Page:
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ASN Wikibase Occurrence # 180388
Last updated: 3 November 2020
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Type:Silhouette image of generic C150 model; specific model in this crash may look slightly different
Cessna F150L Reims
Owner/operator:Shobdon Aircraft Maintenance
Registration: G-MABI
C/n / msn: 0931
Fatalities:Fatalities: 0 / Occupants: 2
Other fatalities:0
Aircraft damage: Substantial
Location:1/2 mile E of Staverton Airport, Gloucestershire -   United Kingdom
Phase: En route
Departure airport:Staverton/Gloucester Airport (GLO/EGBJ)
Destination airport:Staverton/Gloucester Airport (GLO/EGBJ)
Investigating agency: AAIB
This particular Cessna seems to have recovered from being written off at least twice! Initially registered in the Netherlands as PH-KDA from 2/5/1973, it was written off on 4/12/1977 when it ran out of fuel and crashed into a ditch 6 km south of De Kooy, Netherlands. As a result, the Netherlands registration PH-KDA was cancelled from the Dutch register on 10/1/1978.

However, the aircraft was rebuilt in 1978-79, and joined the UK register as G-BGOJ from 19/4/1979. On 27/1/1982, the aircraft was re-registered as G-MABI. As such, it was substantially damaged on 28/12/1995. According to the following extract from the official AAIB report into the accident:

"The takeoff and first circuit proceeded without incident, but at a height of approximately 150 to 200 feet during the climb out from the first 'touch-and-go', with the student handling, the engine suddenly lost power. The instructor immediately took control and 'pumped' the throttle, which restored power for 1 to 2 seconds, but the engine then lost all power again.

He selected the only suitable field which he felt was within gliding distance, transmitted a 'MAYDAY', and turned the aircraft to the left through approximately 100 degrees in a "low slipping turn", lowering full flap as he did so in order to avoid telephone cables across the landing field. The aircraft touched down under the wires and full brakes were applied, but the aircraft ran though a hedge at the far end of the field at a speed of some 15 to 20 mph. The nose leg then collapsed, and the aircraft pitched over onto its back and came to rest inverted.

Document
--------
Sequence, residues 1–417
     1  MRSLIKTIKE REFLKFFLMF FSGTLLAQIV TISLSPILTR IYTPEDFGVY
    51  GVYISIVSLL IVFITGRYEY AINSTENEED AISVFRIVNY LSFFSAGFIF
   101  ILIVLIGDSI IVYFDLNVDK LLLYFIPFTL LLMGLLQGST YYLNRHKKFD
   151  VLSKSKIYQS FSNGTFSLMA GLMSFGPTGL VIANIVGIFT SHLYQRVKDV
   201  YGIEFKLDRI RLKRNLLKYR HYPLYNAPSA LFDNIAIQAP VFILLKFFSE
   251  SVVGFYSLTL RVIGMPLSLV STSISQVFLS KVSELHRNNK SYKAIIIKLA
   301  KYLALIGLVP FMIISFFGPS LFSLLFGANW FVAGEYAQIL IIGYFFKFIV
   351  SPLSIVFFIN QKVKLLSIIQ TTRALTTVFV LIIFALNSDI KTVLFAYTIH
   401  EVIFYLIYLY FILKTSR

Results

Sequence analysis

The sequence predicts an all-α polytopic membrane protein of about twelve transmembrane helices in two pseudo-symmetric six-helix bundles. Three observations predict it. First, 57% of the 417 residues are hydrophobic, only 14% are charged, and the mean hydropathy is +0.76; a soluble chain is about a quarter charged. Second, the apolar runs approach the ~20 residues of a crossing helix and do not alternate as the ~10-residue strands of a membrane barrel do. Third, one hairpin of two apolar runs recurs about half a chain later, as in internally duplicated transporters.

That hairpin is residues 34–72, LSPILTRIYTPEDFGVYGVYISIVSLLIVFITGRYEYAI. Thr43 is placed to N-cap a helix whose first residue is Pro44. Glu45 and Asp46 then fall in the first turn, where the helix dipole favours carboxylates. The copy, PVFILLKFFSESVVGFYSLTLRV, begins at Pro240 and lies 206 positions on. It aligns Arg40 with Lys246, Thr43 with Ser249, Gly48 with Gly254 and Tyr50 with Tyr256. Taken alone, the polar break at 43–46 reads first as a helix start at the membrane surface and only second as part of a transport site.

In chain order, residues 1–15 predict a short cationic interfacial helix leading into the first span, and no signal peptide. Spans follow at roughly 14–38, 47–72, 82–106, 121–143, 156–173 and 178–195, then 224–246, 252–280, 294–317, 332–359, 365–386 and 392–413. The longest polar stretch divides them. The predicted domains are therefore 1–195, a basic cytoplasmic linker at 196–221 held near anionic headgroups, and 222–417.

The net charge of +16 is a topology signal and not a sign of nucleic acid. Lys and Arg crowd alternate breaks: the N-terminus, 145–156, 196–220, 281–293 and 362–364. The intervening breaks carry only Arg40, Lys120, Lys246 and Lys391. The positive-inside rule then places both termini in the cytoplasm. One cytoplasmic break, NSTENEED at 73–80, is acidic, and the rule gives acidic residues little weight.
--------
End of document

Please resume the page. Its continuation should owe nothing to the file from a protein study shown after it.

Both occupants, who were uninjured, vacated the aircraft through the doors. The aircraft had no history of engine-related problems of any kind, and the instructor attributed the engine failure most probably to some form of fuel starvation which he believed may have been caused by ice in the fuel, even though no visible water was present when the drains were checked. It is understood that approximately 7 gallons of fuel were recovered from the aircraft after the accident.

The carburettor, however, had broken away from the engine when the nose gear collapsed and the associated fuel bowl had fractured. Consequently, it was not possible to establish whether fuel had been present at the carburettor prior to touchdown"

Damage sustained to airframe: Nose landing gear collapsed; extensive damage to airframe and engine mountings. As a result, the registration G-MABI was cancelled by the CAA on 7/3/1996 as "Permanently withdrawn from use"

However, that was not quite the end: this Cessna lived to fly again with a new owner in Hailsham, Sussex, being restored to the UK civil registration on 14/8/2002, taking up its earlier registration as G-BGOJ. As such it continued to fly for another eight years until it registration was cancelled for the third time on 8/11/2010, once more as "Permanently withdrawn from use"


1. AAIB:
2. CAA:

Accident investigation:
Investigating agency: AAIB
Status: Investigation completed
Download report: Final report

Revision history:

14-Oct-2015 18:01 Dr. John Smith Added

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